David Foster ”Betty Boop” composer: moving to the Big Apple

David Foster Betty Boop

David Foster to get ‘Betty Boop’ to Broadway

NY Daily News has reported that Grammy-Award winning composer David Foster has made the move to New York to get ‘Betty Boop‘ to Broadway. Foster confirmed the move at the Prince Grace Awards, saying, “I bought a place in New York City. You cannot be that West Coast pop guy who rolls into New York and says, ‘Hey, I am going to do a Broadway musical’… I want to be accepted and not be ‘that guy from the West Coast.’ ”

The name and talent of David Foster as one of music’s most acclaimed songwriters and producers is the stuff of legend. Having spent the last four decades creating hits for stars including Celine Dion, Barbra Streisand, Whitney Houston, Josh Groban, Earth, Wind + Fire, Chicago, Andrea Bocelli, Michael Buble’ and scores of others, this 45-time Grammy nominee, three-time recipient of The Grammy┬« Producer of the Year and Academy Award nominee has achieved extraordinary levels of success.

‘I love top 40 music, but it is not what I do anymore’

The 67-year-old composer says the move was a long time in the making, and hopes to do a reading for ‘Betty Boop’ as early as December, with Jerry Mitchell overseeing the project. Foster also told NY Daily News, “At a certain point in your career you need to go where you belong. I love top 40 music, but it is not what I do anymore. But on Broadway, I can still write a good song that moves people.”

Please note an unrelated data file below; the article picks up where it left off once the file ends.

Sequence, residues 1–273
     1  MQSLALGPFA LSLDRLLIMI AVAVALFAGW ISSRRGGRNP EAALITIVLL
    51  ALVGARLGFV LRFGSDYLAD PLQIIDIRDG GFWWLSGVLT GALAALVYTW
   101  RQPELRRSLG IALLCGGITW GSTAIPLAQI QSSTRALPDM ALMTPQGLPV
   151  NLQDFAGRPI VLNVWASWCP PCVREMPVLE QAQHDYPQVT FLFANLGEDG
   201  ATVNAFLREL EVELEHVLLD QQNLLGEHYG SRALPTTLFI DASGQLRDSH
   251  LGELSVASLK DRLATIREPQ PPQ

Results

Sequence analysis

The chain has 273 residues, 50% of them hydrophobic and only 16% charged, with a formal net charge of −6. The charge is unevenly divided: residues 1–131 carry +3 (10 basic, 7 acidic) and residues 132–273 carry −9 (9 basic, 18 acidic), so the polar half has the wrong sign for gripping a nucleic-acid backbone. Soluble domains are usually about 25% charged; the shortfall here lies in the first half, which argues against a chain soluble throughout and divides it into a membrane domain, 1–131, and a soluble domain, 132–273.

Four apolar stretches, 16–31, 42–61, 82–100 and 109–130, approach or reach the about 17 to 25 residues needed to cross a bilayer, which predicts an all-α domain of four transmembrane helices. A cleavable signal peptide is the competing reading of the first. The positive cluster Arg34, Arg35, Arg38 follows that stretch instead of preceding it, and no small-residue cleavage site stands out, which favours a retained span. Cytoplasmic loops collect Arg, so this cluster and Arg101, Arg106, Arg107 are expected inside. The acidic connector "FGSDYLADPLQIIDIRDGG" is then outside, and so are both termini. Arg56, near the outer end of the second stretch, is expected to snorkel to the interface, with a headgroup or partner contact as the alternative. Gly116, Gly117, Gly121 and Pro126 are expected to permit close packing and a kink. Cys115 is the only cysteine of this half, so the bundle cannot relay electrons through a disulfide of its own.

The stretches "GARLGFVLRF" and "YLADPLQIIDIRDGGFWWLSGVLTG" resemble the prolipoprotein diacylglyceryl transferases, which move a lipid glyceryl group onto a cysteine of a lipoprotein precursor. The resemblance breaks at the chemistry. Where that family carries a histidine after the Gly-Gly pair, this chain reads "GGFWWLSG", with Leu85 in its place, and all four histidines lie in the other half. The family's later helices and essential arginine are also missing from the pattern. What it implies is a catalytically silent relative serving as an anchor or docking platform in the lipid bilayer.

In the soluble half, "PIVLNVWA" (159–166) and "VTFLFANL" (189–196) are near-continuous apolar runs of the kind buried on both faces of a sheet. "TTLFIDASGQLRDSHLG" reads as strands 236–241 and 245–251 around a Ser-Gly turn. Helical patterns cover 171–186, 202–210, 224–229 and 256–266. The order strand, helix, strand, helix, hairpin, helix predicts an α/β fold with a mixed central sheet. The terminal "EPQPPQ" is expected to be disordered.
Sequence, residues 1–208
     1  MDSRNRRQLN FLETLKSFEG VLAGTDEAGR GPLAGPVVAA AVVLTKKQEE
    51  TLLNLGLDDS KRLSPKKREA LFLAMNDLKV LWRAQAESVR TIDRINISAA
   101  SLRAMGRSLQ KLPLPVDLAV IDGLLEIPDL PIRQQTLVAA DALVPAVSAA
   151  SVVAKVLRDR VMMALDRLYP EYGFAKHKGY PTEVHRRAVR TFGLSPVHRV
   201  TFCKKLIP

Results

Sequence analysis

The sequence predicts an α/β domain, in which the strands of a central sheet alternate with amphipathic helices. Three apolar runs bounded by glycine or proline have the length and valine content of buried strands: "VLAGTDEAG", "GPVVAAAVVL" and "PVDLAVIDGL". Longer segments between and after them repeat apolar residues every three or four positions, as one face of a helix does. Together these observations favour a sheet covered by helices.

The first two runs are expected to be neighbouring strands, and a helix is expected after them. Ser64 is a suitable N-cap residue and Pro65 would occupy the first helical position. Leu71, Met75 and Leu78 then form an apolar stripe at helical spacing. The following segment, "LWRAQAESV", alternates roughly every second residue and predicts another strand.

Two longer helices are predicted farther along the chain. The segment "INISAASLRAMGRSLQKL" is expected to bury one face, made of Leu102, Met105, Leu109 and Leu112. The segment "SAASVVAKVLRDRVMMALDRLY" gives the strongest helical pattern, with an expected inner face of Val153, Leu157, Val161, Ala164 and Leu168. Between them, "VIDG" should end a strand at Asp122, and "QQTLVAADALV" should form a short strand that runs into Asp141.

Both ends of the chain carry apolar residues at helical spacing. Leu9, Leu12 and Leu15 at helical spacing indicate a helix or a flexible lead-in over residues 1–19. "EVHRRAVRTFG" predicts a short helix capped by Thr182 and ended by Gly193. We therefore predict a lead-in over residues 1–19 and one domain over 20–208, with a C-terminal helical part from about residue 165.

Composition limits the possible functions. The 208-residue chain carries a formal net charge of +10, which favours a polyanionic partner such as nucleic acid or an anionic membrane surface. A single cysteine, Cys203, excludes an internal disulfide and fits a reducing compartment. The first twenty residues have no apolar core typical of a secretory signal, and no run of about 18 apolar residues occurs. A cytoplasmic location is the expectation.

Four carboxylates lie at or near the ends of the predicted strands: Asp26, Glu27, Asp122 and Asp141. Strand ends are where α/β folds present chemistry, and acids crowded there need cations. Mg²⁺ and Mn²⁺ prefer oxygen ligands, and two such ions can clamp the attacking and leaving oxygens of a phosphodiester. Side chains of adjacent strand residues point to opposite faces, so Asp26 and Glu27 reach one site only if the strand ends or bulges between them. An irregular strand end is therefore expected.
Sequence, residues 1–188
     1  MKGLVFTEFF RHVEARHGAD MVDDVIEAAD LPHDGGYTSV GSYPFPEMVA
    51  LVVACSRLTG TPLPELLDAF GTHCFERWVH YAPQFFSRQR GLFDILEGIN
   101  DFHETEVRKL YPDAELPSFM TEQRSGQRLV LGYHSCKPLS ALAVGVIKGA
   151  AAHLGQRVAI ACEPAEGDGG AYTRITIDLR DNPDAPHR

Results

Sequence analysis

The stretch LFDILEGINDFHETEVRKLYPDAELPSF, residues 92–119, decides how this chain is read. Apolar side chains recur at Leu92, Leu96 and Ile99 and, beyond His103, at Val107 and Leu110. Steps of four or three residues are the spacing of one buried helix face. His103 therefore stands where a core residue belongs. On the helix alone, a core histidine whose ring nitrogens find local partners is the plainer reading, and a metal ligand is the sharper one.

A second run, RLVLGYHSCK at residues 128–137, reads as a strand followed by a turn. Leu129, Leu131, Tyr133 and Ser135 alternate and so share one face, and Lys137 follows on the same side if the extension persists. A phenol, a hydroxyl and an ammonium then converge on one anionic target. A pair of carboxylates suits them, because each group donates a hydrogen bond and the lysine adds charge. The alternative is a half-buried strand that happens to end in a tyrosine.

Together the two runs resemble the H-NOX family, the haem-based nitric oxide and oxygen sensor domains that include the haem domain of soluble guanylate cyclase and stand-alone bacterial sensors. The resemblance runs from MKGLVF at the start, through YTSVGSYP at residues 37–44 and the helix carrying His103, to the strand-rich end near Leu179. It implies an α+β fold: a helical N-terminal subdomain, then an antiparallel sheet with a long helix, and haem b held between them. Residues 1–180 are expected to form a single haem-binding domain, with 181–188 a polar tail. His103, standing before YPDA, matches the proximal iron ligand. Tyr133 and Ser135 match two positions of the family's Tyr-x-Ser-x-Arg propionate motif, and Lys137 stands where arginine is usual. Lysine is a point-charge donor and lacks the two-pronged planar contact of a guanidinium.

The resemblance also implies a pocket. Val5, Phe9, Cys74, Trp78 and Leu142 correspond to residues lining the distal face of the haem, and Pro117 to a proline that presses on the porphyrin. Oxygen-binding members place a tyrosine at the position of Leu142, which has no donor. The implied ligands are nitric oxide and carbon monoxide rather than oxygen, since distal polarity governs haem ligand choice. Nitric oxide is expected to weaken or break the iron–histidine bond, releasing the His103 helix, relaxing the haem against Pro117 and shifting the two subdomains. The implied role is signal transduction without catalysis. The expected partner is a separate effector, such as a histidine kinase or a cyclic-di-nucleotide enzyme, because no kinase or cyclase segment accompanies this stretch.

Betty Boop starred in more than 100 cartoons

Betty Boop is one of the most iconic animated creations of the 20th century. First introduced in the 1930s, Betty Boop was created by Max Fleischer for his “Talkartoons” series, the first “talkies” of animation, which Max’s company, Fleischer Studios, produced for Paramount. Mae Questel provided Betty’s distinctive voice. By 1932 Betty, considered to be the first and only female animated screen star, had taken the country by storm. Betty starred in more than 100 cartoons, 90 of which are included in the official “Betty Boop” series, which ended in 1939. Since then, Betty has appeared in dozens of hit movies, television specials and commercials. She was the first cartoon character to be profiled by A&E’s “Biography” series.

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